(2001; 96 pages) [French] [Spanish]
Complexity of the issue
The factors that influence drug use are many and interrelated. Changing complex practices that are embedded in cultural and social beliefs and shaped by knowledge, attitudes, infrastructure and economic interests is very difficult. No single approach is likely to work, and some interventions may produce unintended effects. A combination of strategies tailored to the needs of the different groups and different environments is needed.
Policies to promote rational use are often controversial and may be opposed for various reasons. Prescribers, and particularly those who also dispense, may have a financial interest in prescribing more drugs or drugs with the highest profit margins; they may resent any interference with their freedom to prescribe. They may also derive a certain status from prescribing many newly marketed or expensive drugs. Pharmacists and drug sellers have a financial interest in increasing the volume of their business; producers want to increase their sales and their marketing practices may conflict with the goals of rational use. Consumers and prescribers may believe that interventions to encourage rational use are intended to cut costs rather than to improve therapy. It is important to identify and consider all these various interests, which are basic barriers to change.
Lack of independent information
In many countries there is little or no access to regular, up-to-date drug information, and health workers and consumers are almost entirely dependent on commercial sources of information. As a result the prescribers and consumers in most developing countries are poorly informed. Even where prescribers and consumers have access to independent drug bulletins, drug information centres and other sources of information, they are also exposed to a huge volume of commercial information. This information imbalance is a serious constraint on policies to promote the rational use of drugs.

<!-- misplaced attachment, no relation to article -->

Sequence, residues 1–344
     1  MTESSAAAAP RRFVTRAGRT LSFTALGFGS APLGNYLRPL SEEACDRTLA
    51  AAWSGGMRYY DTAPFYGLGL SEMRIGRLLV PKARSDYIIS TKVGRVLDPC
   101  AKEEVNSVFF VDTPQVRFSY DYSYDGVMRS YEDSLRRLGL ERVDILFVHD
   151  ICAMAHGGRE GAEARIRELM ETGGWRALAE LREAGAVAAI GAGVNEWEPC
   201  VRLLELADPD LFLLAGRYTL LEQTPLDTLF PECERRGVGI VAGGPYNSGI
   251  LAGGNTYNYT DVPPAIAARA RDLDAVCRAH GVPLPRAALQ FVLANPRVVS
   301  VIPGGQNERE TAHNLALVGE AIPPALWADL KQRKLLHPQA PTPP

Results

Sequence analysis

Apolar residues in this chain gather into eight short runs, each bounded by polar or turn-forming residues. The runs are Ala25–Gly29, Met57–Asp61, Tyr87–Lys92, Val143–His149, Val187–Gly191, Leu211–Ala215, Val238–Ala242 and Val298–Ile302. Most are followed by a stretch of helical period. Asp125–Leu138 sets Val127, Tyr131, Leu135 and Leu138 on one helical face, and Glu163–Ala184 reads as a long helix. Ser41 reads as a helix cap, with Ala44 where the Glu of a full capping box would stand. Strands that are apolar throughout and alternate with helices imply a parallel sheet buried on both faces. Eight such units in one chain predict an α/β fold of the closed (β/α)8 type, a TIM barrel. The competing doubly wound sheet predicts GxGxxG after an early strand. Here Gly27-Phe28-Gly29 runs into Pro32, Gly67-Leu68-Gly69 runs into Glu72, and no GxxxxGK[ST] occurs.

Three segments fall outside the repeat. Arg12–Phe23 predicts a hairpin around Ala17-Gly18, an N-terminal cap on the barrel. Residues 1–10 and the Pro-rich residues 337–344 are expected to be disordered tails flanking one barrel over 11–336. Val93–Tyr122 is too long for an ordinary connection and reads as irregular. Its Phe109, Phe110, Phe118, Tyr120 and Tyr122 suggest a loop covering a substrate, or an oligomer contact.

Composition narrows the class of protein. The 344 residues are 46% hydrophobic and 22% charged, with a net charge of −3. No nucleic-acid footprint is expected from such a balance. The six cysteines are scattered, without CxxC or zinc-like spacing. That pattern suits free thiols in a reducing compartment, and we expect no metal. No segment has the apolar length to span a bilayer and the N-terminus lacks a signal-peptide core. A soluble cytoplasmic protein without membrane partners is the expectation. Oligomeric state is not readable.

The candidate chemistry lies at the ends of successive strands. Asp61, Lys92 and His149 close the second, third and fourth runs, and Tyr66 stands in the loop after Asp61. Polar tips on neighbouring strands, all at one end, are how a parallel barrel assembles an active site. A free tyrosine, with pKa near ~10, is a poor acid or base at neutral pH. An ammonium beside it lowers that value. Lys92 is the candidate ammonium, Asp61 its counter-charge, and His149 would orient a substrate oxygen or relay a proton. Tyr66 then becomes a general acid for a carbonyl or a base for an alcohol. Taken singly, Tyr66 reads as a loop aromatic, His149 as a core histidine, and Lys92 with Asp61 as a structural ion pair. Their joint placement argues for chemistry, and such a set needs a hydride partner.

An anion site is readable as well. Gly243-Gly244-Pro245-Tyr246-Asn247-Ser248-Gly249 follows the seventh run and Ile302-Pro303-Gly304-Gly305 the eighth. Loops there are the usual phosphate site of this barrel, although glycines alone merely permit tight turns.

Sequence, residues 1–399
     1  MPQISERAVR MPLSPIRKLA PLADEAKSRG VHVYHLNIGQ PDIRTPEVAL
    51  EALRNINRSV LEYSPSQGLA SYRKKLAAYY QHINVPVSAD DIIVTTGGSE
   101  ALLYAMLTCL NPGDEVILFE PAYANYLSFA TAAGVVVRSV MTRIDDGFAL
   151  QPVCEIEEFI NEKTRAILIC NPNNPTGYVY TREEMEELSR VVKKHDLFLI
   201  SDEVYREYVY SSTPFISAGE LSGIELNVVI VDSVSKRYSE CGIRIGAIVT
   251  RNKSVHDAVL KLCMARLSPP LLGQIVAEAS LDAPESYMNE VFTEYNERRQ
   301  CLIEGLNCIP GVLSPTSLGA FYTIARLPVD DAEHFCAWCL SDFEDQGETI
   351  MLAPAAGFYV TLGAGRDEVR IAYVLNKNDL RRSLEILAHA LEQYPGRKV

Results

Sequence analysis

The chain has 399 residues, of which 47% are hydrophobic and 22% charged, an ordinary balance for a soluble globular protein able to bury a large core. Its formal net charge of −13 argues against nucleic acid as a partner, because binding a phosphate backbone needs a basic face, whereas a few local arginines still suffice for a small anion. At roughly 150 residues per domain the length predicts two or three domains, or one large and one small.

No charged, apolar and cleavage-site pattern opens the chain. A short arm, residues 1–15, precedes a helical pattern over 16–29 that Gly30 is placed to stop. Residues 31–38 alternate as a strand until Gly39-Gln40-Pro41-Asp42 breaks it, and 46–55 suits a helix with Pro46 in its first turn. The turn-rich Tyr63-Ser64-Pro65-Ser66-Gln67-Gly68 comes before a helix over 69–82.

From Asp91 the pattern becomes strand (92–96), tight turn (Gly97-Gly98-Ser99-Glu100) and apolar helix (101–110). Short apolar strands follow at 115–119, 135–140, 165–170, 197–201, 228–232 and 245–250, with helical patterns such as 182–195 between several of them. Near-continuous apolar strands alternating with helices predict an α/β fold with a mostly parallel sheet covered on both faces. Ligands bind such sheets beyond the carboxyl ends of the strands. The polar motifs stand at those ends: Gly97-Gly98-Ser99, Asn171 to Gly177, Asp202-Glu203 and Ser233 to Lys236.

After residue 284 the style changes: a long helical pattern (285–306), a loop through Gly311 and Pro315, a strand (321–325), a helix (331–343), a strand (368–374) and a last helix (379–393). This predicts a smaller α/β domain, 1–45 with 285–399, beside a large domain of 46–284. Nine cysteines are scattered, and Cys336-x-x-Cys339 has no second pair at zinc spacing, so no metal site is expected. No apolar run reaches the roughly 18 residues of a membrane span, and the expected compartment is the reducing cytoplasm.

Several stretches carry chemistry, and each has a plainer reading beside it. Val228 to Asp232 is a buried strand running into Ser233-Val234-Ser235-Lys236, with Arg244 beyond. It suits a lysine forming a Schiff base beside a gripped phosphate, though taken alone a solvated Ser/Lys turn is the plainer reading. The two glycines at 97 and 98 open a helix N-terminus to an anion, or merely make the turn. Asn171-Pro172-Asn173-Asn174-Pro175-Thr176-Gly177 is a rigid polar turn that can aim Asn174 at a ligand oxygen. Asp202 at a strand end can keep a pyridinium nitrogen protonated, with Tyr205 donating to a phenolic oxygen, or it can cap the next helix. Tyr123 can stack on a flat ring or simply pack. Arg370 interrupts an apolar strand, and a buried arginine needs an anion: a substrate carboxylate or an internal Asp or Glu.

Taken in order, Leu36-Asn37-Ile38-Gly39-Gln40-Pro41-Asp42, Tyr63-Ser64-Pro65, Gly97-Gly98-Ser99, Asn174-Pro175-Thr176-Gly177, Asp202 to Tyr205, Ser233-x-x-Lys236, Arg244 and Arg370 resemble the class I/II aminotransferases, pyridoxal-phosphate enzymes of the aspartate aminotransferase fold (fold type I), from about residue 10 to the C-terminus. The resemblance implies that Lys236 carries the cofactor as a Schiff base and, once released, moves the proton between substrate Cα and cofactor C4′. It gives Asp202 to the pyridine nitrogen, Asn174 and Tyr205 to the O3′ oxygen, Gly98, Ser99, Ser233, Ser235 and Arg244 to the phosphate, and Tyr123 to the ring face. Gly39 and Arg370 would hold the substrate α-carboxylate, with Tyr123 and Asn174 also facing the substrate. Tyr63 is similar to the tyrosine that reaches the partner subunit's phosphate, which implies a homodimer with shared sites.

Inappropriate drug promotion
Drugs have a potential not only for benefit but also for harm, and their promotion therefore requires special controls to protect the public. Inappropriate promotion of medicinal drugs remains a problem in both developing and developed countries.
Problems relate to scientific accuracy and balance of information, improper inducements to prescribers or dispensers, lack of full product information, misleading presentations by medical representatives, and promotional activities disguised as educational or scientific exercises.
Unrestricted availability of prescription drugs
In many countries medicines that require medical supervision and a prescription are freely available from drug sellers and pharmacies. This can lead to inappropriate use and to delays in the correct diagnosis and treatment. Unrestricted availability can also contribute to the emergence of drug resistance, drug interactions and adverse effects, and inefficient use of scarce household resources.